The Four Freedoms

Thoughts on Democracy Project

The Four Freedoms Gallery

The original Four Freedoms paintings by Norman Rockwell.

 The Civic Engagement Office with Collaboration with Student Activities Office hosted an art gallery of 30 art pieces. It was on Constitution Day, September 17th, 2009.

President Roosevelt's Four Freedoms speech inspired a set of four Four Freedoms paintings by Norman Rockwell. The four paintings were published in The Saturday Evening Post on February 20, February 27, March 6 and March 13 in 1943.

Florida International University announced "Thoughts on Democracy," an innovative initiative that brings together 60 contemporary artists and designers to present original works inspired by Norman Rockwell’s “Four Freedoms” posters. "Thoughts on Democracy" is part of Celebrating America, a series of four exhibitions which were on view in 2008 and 2009, that examine and celebrate the social, political, and personal American experience from the 1930s to the present. They invited artists and designers to participate in a ‘graphic remix’ that would reinterpret Rockwell’s posters in today’s visual language.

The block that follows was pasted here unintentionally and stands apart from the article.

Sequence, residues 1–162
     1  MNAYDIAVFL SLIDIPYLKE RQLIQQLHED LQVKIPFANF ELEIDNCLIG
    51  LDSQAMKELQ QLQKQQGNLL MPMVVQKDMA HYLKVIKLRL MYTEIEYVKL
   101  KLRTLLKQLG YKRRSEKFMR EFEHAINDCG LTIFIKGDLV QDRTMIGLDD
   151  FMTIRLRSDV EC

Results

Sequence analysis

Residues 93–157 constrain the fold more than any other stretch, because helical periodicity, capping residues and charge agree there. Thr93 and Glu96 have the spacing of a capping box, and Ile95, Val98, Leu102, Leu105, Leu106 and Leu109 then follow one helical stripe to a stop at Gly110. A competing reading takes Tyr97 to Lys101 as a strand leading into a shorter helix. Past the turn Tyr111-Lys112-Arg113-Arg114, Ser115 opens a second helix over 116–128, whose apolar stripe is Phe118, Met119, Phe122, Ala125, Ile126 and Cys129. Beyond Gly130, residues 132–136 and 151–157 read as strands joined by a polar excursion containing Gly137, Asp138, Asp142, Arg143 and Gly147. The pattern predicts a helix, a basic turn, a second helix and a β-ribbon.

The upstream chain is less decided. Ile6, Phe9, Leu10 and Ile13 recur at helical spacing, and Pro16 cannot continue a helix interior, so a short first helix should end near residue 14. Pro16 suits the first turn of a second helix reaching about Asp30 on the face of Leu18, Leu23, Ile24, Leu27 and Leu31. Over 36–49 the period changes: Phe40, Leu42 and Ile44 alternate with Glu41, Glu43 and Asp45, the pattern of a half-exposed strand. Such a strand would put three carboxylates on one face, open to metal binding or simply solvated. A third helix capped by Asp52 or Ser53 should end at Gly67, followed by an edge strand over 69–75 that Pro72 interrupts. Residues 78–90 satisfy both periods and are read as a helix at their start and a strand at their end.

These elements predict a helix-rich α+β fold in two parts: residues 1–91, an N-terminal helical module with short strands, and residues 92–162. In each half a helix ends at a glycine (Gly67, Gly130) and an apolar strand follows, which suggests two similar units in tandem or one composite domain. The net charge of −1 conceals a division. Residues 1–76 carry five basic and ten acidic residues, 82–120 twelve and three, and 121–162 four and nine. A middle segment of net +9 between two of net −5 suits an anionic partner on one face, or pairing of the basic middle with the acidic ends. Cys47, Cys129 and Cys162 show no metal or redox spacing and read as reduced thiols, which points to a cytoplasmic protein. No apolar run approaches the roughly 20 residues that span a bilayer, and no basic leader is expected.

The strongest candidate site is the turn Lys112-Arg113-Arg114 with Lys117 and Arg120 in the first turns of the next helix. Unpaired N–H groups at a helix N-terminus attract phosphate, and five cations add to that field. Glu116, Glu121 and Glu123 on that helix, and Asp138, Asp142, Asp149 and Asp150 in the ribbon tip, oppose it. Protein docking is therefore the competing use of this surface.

The Four Freedoms Speech

The speech delivered by President Roosevelt incorporated the following:

"In the future days, which we seek to make secure, we look forward to a world founded upon four essential human freedoms.

The first is freedom of speech and expression--everywhere in the world.

The second is freedom of every person to worship God in his own way--everywhere in the world.

The third is freedom from want--which, translated into universal terms, means economic understandings which will secure to every nation a healthy peacetime life for its inhabitants--everywhere in the world.

The fourth is freedom from fear--which, translated into world terms, means a world-wide reduction of armaments to such a point and in such a thorough fashion that no nation will be in a position to commit an act of physical aggression against any neighbor--anywhere in the world.

That is no vision of a distant millennium. It is a definite basis for a kind of world attainable in our own time and generation. That kind of world is the very antithesis of the so-called new order of tyranny which the dictators seek to create with the crash of a bomb."